Perverse Incentives

Michelle Chen

The House may soon vote on leg­is­la­tion that could help lev­el out the eco­nom­ic hier­ar­chy. The Say on Pay” bill, pushed by Finan­cial Ser­vices Chair Bar­ney Frank, wouldn’t direct­ly lim­it the astro­nom­i­cal sums award­ed to top exec­u­tives. But it would, in the­o­ry, act as an inter­nal check.

The leg­is­la­tion would enable pub­lic com­pa­ny share­hold­ers to take a non-bind­ing vote on CEO com­pen­sa­tion, which might shame CEOs into lim­it­ing their own pay. But with­out alter­ing the basic dynam­ics of share­hold­ers, cor­po­ra­tions and the broad­er pub­lic, would Say on Pay actu­al­ly change how the cor­po­rate hen house is guarded?

While the pri­vate sec­tor remains large­ly insu­lat­ed from gov­ern­ment inter­fer­ence, share­hold­er activism has emerged as a way to agi­tate for fair­ness inside the bel­ly of the beast. The Respon­si­ble Wealth project (of Unit­ed for a Fair Econ­o­my) cam­paigns each year for var­i­ous share­hold­er res­o­lu­tions advo­cat­ing for Say on Pay policies.

A res­o­lu­tion recent­ly pro­posed by Alcoa share­hold­ers attempts to strad­dle diplo­ma­cy and class warfare:

An Advi­so­ry Vote estab­lish­es an annu­al ref­er­en­dum process for share­hold­ers about senior exec­u­tive com­pen­sa­tion. We believe the results of this vote, com­bined with dia­logue with investors, would pro­vide the board and man­age­ment use­ful infor­ma­tion about share­hold­er views on the company’s senior exec­u­tive compensation.

Activist investors have made some inroads on cer­tain issues, such as envi­ron­men­tal respon­si­bil­i­ty and preda­to­ry lend­ing prac­tices. But the process is con­strained by reg­u­la­to­ry restric­tions, not to men­tion a cor­po­rate ethos that is fun­da­men­tal­ly anti­thet­i­cal to altruism.

The Trou­bled Asset Relief Pro­gram illus­trates the chal­lenges of try­ing to polite­ly prod firms to change. The TARP con­tains a Say on Pay pro­vi­sion, along with mea­sures to cap exec­u­tive com­pen­sa­tion and close some tax loopholes.

But so far, the plan has gen­er­al­ly failed to either res­cue the econ­o­my or goad bailed-out firms to be fair­er.

In an analy­sis of the scan­dal over AIGs lav­ish bonus­es, Sarah Ander­son and Chuck Collins of the Insti­tute for Pol­i­cy Stud­ies look at the sys­temic fail­ures that grease Wall Street’s lucre:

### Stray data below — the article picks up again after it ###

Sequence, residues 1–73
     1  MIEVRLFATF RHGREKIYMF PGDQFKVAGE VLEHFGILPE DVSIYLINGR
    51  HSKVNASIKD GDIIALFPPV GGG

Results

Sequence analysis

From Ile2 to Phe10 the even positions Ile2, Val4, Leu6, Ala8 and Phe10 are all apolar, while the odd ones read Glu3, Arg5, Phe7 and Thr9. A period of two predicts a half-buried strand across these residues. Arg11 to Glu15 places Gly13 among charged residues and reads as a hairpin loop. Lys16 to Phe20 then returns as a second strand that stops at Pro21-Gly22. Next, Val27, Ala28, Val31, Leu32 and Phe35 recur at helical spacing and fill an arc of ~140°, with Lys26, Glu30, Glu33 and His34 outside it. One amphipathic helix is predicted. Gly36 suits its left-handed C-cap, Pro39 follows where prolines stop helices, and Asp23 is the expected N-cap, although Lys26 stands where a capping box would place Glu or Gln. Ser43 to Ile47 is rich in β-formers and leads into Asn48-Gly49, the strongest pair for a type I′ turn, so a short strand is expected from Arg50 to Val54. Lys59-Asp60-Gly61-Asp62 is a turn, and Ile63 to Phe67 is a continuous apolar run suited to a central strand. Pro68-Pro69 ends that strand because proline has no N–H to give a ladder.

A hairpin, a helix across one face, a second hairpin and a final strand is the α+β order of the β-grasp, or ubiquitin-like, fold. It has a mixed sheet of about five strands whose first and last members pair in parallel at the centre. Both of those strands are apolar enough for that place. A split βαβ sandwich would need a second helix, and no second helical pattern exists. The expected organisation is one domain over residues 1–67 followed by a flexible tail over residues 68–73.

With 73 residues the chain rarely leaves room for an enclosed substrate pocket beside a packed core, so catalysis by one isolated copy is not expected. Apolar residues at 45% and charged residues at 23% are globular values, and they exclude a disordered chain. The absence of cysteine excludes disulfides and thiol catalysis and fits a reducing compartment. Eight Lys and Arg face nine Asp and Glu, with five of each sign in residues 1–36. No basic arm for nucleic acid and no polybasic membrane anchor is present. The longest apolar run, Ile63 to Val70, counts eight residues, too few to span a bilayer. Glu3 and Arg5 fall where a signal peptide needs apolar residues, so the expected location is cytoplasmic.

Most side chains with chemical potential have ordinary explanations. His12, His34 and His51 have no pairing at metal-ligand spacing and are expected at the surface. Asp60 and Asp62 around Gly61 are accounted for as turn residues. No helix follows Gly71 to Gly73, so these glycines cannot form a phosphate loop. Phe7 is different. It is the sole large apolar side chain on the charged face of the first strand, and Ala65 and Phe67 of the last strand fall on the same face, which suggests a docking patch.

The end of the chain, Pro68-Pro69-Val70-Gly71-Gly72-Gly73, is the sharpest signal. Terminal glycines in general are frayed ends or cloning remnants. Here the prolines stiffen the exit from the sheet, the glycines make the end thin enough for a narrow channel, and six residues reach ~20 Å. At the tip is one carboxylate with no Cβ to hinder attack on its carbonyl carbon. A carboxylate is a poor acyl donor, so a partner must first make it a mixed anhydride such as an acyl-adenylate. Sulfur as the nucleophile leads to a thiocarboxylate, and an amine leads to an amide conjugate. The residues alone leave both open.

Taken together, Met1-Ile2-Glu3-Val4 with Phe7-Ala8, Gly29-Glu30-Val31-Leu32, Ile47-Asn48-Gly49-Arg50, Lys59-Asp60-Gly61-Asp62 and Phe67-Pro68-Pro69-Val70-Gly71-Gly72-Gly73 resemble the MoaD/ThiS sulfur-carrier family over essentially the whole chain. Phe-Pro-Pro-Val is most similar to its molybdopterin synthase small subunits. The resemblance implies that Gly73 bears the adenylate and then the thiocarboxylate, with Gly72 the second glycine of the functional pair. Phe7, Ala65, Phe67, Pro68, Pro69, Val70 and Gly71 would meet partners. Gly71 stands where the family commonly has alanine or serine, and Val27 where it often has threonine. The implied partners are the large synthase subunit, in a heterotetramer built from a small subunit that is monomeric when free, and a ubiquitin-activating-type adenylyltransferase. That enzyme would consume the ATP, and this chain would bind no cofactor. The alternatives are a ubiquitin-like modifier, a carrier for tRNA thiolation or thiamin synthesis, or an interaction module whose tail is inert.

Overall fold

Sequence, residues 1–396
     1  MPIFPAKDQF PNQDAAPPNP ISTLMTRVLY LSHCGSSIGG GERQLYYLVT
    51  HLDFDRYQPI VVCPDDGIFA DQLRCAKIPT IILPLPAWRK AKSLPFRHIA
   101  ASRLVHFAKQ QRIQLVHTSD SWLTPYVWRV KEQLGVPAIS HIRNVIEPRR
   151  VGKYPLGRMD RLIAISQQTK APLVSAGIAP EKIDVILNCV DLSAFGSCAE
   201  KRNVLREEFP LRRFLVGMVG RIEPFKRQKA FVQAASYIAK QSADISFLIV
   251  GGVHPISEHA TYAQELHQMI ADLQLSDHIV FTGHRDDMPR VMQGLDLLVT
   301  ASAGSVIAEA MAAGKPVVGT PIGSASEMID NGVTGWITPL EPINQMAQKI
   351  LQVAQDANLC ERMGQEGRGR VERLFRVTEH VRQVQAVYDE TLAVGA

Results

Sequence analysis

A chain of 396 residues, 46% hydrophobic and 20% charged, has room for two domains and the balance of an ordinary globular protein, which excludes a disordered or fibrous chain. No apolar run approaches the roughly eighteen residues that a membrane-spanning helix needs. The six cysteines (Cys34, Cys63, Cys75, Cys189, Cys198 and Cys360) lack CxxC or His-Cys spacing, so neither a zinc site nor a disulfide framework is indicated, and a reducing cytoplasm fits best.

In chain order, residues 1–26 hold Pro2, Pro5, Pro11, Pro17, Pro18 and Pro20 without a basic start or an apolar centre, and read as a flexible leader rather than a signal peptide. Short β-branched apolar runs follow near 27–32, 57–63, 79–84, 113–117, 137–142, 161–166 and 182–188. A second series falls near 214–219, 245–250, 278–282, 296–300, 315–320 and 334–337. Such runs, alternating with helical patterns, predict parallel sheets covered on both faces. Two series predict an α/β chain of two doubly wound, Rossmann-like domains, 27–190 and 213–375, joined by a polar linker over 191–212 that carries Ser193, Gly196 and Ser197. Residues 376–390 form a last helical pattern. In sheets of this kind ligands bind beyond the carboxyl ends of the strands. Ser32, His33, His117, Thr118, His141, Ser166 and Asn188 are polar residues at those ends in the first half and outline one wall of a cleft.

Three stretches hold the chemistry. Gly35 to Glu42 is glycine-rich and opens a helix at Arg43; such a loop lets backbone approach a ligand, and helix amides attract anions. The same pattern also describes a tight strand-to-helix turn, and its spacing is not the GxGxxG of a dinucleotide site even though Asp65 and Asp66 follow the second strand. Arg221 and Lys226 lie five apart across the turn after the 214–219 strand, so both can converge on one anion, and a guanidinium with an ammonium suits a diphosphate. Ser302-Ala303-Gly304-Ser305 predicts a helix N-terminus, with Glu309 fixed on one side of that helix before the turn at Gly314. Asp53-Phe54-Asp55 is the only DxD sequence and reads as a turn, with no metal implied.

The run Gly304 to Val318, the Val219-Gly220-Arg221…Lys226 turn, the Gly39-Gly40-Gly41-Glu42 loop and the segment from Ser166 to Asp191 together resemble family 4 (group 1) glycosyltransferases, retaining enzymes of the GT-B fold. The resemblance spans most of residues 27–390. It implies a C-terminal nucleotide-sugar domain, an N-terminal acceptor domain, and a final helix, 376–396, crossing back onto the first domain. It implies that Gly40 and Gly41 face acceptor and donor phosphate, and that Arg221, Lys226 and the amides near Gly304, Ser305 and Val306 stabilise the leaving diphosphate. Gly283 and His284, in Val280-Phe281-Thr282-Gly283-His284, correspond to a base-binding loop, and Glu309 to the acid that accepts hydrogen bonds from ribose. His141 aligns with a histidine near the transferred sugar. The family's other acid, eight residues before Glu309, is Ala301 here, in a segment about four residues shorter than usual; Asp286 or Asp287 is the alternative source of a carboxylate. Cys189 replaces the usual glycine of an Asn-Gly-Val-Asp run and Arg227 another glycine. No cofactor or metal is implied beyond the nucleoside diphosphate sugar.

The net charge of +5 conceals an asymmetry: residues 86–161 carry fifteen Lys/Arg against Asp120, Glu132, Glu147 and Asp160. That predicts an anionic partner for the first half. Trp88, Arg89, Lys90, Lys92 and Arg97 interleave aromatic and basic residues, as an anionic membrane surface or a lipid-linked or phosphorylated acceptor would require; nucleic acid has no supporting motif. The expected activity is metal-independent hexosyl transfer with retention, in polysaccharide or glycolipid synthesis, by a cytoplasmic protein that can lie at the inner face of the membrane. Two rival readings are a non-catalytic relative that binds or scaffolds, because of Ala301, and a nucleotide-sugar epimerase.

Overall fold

We can’t let Con­gress off the hook. They had ample oppor­tu­ni­ty to pre­vent this from hap­pen­ing by putting strict, mea­sur­able lim­its on com­pen­sa­tion in the orig­i­nal bailout plans. Instead they backed down to pres­sure from Trea­sury offi­cials, first in the Bush admin­is­tra­tion and then in the Oba­ma admin­is­tra­tion. Congress’s inac­tion on exces­sive com­pen­sa­tion over the past two decades has led to an increase in the gap between CEO and aver­age work­er pay from 41-to‑1 in 1980 to 344-to‑1 in 2007.

More­over, despite reg­u­la­to­ry actions, the gov­ern­ment con­tin­ues to hem­morhage bil­lions each year through cor­po­rate tax loop­holes.

And of course, the TARP stric­tures apply only to those com­pa­nies receiv­ing bailout funds — a group that may soon be shrink­ing as firms rush to pay back the mon­ey and wrig­gle out of fed­er­al oversight.

A ref­er­en­dum” on CEO pay may be an improve­ment on a rub­ber stamp, but non-bind­ing share­hold­er decrees are essen­tial­ly sym­bol­ic. On the oth­er hand, in recent months, the sym­bol­ism of pub­lic out­rage has raised con­scious­ness about a severe mald­is­tri­b­u­tion of wealth. As a tar­get of pitch­fork activism, CEO pay is both a symp­tom and a cause of the cor­ro­sive inequal­i­ty that under­mines the country’s finan­cial secu­ri­ty, unrav­els the social safe­ty net, and aggra­vates struc­tur­al racism.

The IPSs Work­ing Group on Extreme Inequal­i­ty says that while pub­lic pres­sure can influ­ence indi­vid­ual com­pa­nies, the project of com­bat­ing inequity calls for con­crete com­mand-and-con­trol poli­cies from Washington.

A pos­si­ble start­ing point would be pass­ing the Income Equi­ty Act, which would lim­it exec­u­tive com­pen­sa­tion on a scale rel­a­tive to the low­est-paid work­ers. By set­ting a 25-to‑1 ratio pay ratio (or an over­all cap of $500,000), the leg­is­la­tion indi­rect­ly incen­tivizes com­pa­nies to raise all work­ers’ wages together.

In the long run, revers­ing the mas­sive theft of the nation’s wealth would require pro­gres­sive tax­a­tion on the rich­est strata.

Cor­po­rate excess isn’t iso­lat­ed with­in the con­fines of the board­room; it’s enmeshed with insti­tu­tions that keep wealth con­cen­trat­ed with­in an ever-shrink­ing minor­i­ty. Whether they’re pass­ing res­o­lu­tions or march­ing on Wall Street, activists won’t dis­man­tle inequal­i­ty with­out push­ing to com­pre­hen­sive­ly restruc­ture the way the country’s resources are distributed.

Michelle Chen is a con­tribut­ing writer at In These Times and The Nation, a con­tribut­ing edi­tor at Dis­sent and a co-pro­duc­er of the Bela­bored” pod­cast. She stud­ies his­to­ry at the CUNY Grad­u­ate Cen­ter. She tweets at @meeshellchen.

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